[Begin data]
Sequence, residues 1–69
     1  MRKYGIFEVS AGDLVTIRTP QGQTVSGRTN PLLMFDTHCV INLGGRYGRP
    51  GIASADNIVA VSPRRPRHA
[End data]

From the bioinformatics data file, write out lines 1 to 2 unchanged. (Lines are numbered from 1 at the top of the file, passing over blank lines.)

Sequence, residues 1–69
     1  MRKYGIFEVS AGDLVTIRTP QGQTVSGRTN PLLMFDTHCV INLGGRYGRP